Newcastle University’s School of English Literature, Language and Linguistics and Seven Stories, The National Centre for Children’s Books are pleased to announce that the application process for 2018 David Almond Fellowships is now open.

Further particulars

The awards recognise both David Almond’s contribution to children’s literature and his connections with these partner institutions: he is a patron of Seven Stories and an honorary graduate of Newcastle University.

The Fellowships aim to promote high-quality research in the Seven Stories collections that will call attention to their breadth and scholarly potential. The two awards of £300 each are to facilitate a research visit to the Seven Stories collections in Newcastle upon Tyne, UK of at least two days by a bona fide researcher working on a relevant project.  Applications will be considered from candidates in any academic discipline. The successful applicants will have a clearly defined project that will benefit from having access to the Seven Stories collections (please see indicative information about the collections below). All applicants should consult the Seven Stories catalogue as part of preparing their applications.  A well-developed dissemination strategy will be an advantage. Priority will be given to the importance of the project and best use of the Seven Stories collections as judged by a senior member of the Children’s Literature Unit in the School of English Literature, Language and Linguistics at Newcastle University and a senior member of the Collections team at Seven Stories.

Some previous David Almond Fellows have gone on to take up fully-funded PhD studentships at Newcastle University, others have disseminated their research into the collection through book chapters, peer-reviewed journals and conference papers. One of our former Fellows said of her visit that it was ‘a wonderful opportunity to work in the archive of Seven Stories… it is undoubtedly an invaluable asset for researchers internationally, and something the city can be extremely proud of.’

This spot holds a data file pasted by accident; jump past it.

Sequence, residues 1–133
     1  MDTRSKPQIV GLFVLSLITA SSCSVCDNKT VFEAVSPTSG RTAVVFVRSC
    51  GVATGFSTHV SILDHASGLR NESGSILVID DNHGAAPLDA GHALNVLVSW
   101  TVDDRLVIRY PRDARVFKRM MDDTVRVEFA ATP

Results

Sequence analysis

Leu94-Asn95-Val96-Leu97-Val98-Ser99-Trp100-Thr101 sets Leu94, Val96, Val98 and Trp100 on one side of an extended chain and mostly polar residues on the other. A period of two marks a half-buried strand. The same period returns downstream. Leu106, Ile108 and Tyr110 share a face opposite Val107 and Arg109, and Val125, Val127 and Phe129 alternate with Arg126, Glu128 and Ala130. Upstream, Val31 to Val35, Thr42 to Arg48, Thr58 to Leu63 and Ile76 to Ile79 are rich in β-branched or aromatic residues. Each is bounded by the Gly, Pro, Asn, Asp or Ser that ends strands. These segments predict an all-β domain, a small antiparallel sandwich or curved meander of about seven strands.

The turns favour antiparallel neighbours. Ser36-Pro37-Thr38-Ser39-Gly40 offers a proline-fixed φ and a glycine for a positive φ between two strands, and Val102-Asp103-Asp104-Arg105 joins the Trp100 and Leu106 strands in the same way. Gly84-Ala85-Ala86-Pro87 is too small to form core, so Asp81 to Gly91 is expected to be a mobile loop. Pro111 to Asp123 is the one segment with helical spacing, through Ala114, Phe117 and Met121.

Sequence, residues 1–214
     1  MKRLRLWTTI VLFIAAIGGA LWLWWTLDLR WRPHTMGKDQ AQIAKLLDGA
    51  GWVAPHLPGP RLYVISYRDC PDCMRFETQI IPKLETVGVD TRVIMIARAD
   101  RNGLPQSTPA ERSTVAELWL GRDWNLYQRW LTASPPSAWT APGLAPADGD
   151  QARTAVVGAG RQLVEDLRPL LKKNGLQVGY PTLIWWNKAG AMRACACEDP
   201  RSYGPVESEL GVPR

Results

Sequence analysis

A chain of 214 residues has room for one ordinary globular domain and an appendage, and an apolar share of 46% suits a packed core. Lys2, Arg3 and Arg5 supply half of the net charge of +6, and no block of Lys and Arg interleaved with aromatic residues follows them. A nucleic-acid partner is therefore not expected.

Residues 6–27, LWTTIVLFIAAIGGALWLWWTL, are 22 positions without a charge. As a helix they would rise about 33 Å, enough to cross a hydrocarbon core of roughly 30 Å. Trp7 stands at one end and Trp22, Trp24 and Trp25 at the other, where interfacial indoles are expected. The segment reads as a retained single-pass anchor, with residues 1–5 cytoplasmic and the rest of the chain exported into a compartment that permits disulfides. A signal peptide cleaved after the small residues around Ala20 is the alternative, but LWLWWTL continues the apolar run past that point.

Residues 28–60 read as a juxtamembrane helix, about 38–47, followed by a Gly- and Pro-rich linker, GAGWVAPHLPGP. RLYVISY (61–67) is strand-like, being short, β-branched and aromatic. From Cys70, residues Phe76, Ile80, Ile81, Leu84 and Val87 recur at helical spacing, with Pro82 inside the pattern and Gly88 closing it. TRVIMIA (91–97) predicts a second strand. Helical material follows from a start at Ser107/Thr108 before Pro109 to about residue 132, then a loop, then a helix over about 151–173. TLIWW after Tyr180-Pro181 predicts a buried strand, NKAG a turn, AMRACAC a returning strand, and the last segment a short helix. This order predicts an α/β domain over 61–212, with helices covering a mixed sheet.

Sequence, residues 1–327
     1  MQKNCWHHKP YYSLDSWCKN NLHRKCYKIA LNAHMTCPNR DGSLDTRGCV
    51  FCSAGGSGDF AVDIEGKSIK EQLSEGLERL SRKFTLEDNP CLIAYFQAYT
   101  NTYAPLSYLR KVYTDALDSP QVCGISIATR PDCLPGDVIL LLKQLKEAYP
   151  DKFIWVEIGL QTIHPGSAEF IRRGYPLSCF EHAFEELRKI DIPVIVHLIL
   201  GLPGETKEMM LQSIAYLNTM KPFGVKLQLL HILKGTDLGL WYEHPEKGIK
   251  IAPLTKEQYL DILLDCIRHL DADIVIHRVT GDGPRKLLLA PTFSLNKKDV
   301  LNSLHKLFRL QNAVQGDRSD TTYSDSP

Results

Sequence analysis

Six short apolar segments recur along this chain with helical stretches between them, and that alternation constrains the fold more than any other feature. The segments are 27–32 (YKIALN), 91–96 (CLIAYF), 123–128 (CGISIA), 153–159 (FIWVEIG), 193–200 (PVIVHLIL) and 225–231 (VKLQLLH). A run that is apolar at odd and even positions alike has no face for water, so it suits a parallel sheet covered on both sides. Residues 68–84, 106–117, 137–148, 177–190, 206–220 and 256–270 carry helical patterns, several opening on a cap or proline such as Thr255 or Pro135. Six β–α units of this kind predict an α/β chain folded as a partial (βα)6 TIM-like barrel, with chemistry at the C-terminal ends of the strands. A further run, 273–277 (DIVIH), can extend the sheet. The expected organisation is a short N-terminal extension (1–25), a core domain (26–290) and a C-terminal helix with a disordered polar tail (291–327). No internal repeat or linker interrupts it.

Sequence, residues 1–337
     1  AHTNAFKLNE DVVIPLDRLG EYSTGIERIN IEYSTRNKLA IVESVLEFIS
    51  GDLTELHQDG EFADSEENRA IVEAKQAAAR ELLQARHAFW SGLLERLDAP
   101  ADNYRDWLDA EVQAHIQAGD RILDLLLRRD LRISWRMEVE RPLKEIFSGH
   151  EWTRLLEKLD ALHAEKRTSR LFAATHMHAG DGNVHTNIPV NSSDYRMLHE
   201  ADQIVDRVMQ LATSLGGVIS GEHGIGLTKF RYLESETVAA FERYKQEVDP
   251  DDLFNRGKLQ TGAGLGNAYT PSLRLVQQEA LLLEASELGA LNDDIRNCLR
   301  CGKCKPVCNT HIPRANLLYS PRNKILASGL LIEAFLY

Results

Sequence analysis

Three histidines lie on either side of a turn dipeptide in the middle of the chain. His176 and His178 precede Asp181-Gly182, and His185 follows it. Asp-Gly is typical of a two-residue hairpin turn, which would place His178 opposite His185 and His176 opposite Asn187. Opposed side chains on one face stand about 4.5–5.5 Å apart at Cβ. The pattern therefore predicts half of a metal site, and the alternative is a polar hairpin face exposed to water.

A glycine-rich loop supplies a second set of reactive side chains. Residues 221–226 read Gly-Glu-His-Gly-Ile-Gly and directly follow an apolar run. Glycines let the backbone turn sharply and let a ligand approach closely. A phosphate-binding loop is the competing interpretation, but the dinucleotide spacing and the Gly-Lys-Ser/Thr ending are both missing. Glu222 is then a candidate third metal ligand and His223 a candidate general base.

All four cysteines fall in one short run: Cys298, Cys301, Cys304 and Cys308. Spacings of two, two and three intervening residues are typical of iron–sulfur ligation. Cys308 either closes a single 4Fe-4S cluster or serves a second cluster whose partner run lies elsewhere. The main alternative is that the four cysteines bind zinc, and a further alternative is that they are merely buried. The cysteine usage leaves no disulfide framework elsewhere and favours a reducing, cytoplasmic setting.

Eligibility for the award

Applicants must hold a first degree or higher from a recognised institution of higher education.

Note: non-EEA applicants are reminded that to take up a Fellowship they must hold an appropriate visa. Neither Newcastle University nor Seven Stories can help with this process. Please see the UK visas website for more information.

Responsibilities

Fellowships must be taken up before the end of December, 2018. Recipients are expected to spend at least two days in Newcastle and are encouraged to time their visits to enable them to participate in events organised jointly or separately by the Children’s Literature Unit and Seven Stories.  (Please note: successful applicants must contact Seven Stories and agree a date for the visit prior to making travel arrangements; normally a minimum of two weeks’ notice is required before any research visit.) Acknowledgement of the Fellowships must accompany all dissemination activities arising from the research.

The Seven Stories Collection

Seven Stories is the only accredited museum specialising in children’s books in the UK. Its collections are a unique resource for original research, particularly insofar as they document aspects of the creation, publication and reception of books for children from the 1930s to the present day. The steadily growing archive contains material from over 250 authors, illustrators, editors, and others involved in the children’s publishing industry in Britain.

Researching the Seven Stories collection could enhance a number of research topics. Examples of research areas and relevant collections:

Makers of children’s literature: children’s book history 1750-2000

Children’s books have been under-represented in book history scholarship. Seven Stories’ holdings can be used to investigate the forces which have shaped the children’s book. Areas of interest include editing and publishing, education and bookselling, diversity and race and changing technologies.  Key archival holdings include the David Fickling Collection, the Aidan and Nancy Chambers / Thimble Press Collection, and the Leila Berg Collection.  The recently catalogued Noel Streatfeild Collection also provides fascinating insights into the life and times of a leading children’s author during the mid- twentieth century.

New adults: the growth of teenage literature

Seven Stories’ holdings represent the opportunity to investigate the development of teenage literature from a number of perspectives: holdings include detailed evidence of the process of composition from early draft to published text; evidence of socio-political contexts, and evidence of the publishing contexts. Key archival holdings include the Aidan and Nancy Chambers / Thimble Press Collection, the Diana Wynne Jones Collection, the Philip Pullman Collection, the Beverley Naidoo Collection, and the Geoffrey Trease Collection.

Inclusion and diversity

Seven Stories is particularly interested in supporting studies which explore themes of inclusion and diversity within our archives: race and heritage, disability, gender and gender identity, sexual orientation, age, socio-economic status, religion and culture. Projects in this research field might be cross-cutting, looking at a number of different archives within the Seven Stories Collection.